This technique was developed in England by Julia Barclay and her group Apocryphal Theatre. It deals with stereotypes and can be used with small or large groups. The form here uses just text, but other layers can be added in using sounds, gestures and movements.
  1. Each person writes down 5 clichés, based on the issues of class, gender, race, religion, and then something else of their choosing. A group of 4 or 5 people volunteers to go first. They are the Actors, and the other participants form the Audience.
  2. The Actors stand in a line and state their clichés in turn, first to themselves, then to each other, then to the Audience, and finally to "The Grid"—the system and space in which these clichés exist (if that's too obtuse, think of performing to The Grid as "not performing to yourself, your fellow Actors or the Audience). 
  3. Once all clichés have been performed in all of these ways, the Actors then move about the space, stating any of these clichés—their own or those of their fellow actors—in any order, repeating ones that they heard others say or stringing two or more together. For this part, each clichés is said in its entirety, without any change to its wording.
  4. From here, the actors fall "Off The Grid" by cutting and pasting words from these clichés to make new (often hilarious) phrases.
  5. Debrief, with the Audience sharing their experiences, followed by the Actors sharing theirs before the next group talks the stage.
Historical Note: Barclay adapted this Cut-Up technique from Beat artist/poets Brion Gysin and William S. Burroughs who would type up pages of text, and then cut and paste them to create new words and phrases that went beyond the confines of conventional language (a.k.a. "The Grid"). Decades before the Beats, Dada poets and Surrealist artists were doing similar things with words and images via collaging and "exquisite corpse" experiments. Contemporary to the Beats, cut-ups have been used in experimental music and film, and more recently in the "versioning" of dub reggae and sampling in hip hop, creating awesome breakthroughs in the sorts of sounds we listen to and images we see. As Burroughs put it, "When you cut into the present, the future leaks out." With regards to theatre and dismantling oppression, Augusto Boal adds, "Theatre can help us build our future, rather than just waiting for it."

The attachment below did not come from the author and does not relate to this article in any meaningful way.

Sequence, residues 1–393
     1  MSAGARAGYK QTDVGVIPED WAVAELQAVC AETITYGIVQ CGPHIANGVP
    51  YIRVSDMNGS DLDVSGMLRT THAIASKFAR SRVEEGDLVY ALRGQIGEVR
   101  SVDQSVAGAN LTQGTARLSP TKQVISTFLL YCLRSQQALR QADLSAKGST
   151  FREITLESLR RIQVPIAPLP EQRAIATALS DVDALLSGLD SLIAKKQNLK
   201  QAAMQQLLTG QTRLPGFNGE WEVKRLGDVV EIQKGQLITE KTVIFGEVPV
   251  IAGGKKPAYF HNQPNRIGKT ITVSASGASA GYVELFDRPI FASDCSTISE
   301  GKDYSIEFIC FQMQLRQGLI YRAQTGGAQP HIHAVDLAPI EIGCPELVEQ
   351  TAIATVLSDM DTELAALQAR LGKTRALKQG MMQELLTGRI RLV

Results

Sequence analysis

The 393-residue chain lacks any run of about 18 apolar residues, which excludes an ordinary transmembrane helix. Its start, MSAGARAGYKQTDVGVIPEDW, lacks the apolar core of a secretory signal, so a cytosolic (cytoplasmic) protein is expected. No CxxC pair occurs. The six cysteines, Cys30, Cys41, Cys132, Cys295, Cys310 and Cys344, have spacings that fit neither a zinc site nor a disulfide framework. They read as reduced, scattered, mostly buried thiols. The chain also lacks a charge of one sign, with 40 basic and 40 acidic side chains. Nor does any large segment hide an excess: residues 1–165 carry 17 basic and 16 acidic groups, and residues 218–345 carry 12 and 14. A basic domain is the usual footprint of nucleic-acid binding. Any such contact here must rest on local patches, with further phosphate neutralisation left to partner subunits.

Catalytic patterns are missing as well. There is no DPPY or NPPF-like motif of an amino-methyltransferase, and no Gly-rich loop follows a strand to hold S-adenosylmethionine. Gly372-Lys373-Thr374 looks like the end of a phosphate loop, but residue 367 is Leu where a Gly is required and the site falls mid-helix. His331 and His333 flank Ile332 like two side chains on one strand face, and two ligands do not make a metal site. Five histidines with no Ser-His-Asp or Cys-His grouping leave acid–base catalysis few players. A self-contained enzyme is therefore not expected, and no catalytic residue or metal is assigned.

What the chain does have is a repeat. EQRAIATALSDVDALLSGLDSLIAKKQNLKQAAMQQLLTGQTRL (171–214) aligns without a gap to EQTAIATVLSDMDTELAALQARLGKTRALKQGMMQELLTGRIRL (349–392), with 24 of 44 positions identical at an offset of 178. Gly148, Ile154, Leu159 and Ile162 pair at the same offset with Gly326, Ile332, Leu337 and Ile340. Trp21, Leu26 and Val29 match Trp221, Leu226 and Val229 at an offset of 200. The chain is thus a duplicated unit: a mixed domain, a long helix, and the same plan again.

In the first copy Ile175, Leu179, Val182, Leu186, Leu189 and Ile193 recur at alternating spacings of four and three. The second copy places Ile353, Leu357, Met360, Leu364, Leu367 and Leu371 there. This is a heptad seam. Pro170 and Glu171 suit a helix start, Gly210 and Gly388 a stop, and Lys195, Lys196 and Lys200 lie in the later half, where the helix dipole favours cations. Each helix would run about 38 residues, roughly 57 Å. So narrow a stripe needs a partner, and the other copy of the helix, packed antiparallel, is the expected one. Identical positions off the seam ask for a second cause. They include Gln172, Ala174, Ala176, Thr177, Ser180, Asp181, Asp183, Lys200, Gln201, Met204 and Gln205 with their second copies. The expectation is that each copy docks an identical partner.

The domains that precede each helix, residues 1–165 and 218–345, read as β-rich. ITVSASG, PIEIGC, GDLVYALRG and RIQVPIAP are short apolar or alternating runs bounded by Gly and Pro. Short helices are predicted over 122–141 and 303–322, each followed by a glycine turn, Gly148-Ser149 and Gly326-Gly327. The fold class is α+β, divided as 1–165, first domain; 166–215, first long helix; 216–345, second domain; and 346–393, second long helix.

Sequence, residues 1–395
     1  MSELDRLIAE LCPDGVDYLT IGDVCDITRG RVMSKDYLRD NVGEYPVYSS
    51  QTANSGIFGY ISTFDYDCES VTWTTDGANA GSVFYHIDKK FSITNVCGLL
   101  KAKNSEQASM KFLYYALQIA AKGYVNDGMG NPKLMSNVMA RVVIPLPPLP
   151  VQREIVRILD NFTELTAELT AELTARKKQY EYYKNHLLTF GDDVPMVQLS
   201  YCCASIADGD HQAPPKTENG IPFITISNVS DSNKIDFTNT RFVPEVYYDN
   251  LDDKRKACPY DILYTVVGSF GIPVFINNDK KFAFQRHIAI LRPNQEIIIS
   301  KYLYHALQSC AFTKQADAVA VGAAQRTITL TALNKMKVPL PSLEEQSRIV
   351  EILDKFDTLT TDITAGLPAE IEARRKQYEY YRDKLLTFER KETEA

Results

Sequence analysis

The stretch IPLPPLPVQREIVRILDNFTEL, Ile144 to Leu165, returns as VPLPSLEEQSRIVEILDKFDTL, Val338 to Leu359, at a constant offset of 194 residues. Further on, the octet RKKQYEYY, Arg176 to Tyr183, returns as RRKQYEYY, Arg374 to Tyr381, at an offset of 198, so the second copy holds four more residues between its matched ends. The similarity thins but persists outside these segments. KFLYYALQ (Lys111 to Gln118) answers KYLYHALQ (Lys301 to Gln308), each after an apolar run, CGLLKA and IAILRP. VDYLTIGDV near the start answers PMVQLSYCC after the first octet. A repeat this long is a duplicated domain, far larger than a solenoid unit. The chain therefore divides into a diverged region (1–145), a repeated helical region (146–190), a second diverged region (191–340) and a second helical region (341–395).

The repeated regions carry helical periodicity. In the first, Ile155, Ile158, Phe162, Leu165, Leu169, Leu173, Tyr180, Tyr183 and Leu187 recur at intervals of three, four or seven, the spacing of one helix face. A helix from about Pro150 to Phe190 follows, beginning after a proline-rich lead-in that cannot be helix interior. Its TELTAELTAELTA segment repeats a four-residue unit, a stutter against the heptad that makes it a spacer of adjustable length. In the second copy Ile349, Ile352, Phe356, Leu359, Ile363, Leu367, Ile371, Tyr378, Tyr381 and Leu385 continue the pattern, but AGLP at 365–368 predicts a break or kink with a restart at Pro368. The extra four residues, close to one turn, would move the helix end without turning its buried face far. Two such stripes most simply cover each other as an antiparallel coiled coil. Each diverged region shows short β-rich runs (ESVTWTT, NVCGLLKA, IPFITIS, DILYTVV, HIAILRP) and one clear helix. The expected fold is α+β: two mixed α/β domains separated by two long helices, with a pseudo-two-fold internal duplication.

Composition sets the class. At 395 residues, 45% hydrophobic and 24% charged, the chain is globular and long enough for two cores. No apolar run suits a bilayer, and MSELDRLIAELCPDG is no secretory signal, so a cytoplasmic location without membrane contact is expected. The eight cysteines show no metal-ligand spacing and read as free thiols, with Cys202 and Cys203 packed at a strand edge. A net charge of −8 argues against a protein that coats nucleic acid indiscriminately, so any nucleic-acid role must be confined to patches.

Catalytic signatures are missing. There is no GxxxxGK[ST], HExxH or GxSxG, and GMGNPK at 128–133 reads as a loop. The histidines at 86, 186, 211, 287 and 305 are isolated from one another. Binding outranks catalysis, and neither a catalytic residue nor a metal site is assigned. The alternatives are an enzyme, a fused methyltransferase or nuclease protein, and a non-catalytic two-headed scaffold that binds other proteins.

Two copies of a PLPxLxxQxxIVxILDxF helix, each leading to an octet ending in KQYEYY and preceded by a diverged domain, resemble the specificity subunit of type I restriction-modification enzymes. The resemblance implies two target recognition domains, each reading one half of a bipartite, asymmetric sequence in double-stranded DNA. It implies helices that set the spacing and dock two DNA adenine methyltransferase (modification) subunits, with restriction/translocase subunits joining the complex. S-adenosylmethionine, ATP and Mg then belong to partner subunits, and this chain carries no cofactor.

Concentric Circles

This game highlights stereotypes and is good for large groups. It uses sounds, gestures, and has people of working with eyes closed and open. It's great for a group or workshop focusing on a particular issue, such as gender, sexism, whiteness, etc. Here are the basic steps:
  1. Group divides in half and stands in two circles, one inside the other, with everyone facing center. People in the inner circle (Circle A) close their eyes, while those in the outer (Circle B) watch with eyes open. 
  2. Facilitator names a theme and someone from Circle B steps into the center of Circle A to make a stereotypical gesture and sound based on the theme. Those in Circle A repeat the sound and—with eyes still closed—each makes a gesture presumed to accompany that sound. 
  3. Everyone in Circle A then opens their eyes and repeats their gestures with eyes open, and finally the maker of the original gesture repeats it for all to see. 
  4. After a few rounds, Circles A and B switch places and roles. When both halves of the group have spent equal time in each role, have a seat and debrief the exercise.
Facilitator's Note: I first learned this game as an exercise on gender. The facilitator divided the group into "female" and "male" and had the men make feminine stereotypes for the women to imitate, and then the group switched roles with the women making masculine stereotypes for the men to imitate. I've seen this be revelatory for people who have lived either comfortably or uncomfortably in this gender binary. I've also seen this be disastrous, as many people do not ascribe to this binary and thus stand aside when told to choose "female" or "male". To better understand this, imagine if the given topic were race and the facilitator said, "Black people in one circle, white people in the other." Where would people of mixed or other identities go? Our identities are not always as visible or as static as others perceive. The above variation on the Concentric Circles game is a way of letting people be free to show the pervasiveness of stereotypes without forcing people to squeeze themselves into an identity group that might not fit.

Multi-Issue Variation: When we first played Concentric Circles in Philly in the Spring of 2012, the group began this game making sounds and gestures around issues of gender—expressions that are stereotypes of femininity, masculinity and/or this gender binary. We then moved on to age stereotypes—another binary, this time young/old with some gradations (for example, expressions of "youth" could be infantile or adolescent). The group switched roles, and made stereotypical expressions of The United States of America, and eventually religion, which many found to be a difficult or sensitive issue to express this way. Let us know what variations you have of this or other games by leaving a comment below!